1. Interesting! This is why feedback from others is so valuable! I wouldn’t have noticed such a thing myself, but now I’ll definitely be looking for ways to improve it. Thank you!!

  3. Very slow to start, but the end entices…. The voice feels a bit odd; Kathi says that villagers aren’t the most sophisticated of folks, but they do tend to be very attentive. They aren’t foolish; they tend to be incredibly cautious outside their comfort zones.

    That said, the detail helps bring the world alive.

  4. I found the first couple of paragraphs confusing. At first, the pov doesn’t seem to know what to make of the riders, but then he decides to face them, for no logical reason I could discern. (Why would he think they might share a meal? If that’s common in this culture, why would he be suspicious in the first place?)

    I liked the exchange between the pov and the riders, but I didn’t have enough info about him or them to know what it might mean.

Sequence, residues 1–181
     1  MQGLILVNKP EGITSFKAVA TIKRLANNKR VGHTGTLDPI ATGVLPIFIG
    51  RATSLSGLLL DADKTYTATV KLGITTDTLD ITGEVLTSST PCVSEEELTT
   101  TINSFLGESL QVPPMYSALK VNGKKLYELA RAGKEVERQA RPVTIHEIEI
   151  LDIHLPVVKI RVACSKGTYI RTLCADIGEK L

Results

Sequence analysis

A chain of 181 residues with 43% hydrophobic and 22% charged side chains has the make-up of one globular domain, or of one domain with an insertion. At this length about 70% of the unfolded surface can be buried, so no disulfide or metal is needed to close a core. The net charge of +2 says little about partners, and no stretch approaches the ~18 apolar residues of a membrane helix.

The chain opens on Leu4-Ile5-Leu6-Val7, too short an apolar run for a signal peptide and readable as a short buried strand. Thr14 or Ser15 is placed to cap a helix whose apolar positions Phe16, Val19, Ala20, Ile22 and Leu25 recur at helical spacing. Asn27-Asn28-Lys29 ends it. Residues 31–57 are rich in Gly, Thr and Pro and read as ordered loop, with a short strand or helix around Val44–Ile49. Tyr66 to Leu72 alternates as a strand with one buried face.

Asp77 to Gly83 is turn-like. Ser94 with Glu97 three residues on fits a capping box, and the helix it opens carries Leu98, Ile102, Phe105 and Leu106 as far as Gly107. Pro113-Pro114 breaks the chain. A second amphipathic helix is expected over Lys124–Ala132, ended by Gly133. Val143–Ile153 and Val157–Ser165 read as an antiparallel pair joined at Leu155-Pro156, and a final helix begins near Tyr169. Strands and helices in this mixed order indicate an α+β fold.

I think you still need to either get across what’s at stake in this tale or make the pov character amazingly interesting and/or his motive compelling for it to be an effective beginning.

    Don’t want to be the party pooper, but for my own part, I would much rather have constructive feedback, and it seemed that was what you were asking for. Good luck with the new project!

    1. You’re not a party pooper at all! Yes, definitely, I much prefer constructive feedback, definitely. I like what you’ve said here – it’s definitely given me some ideas to chew over. Thank you so much!!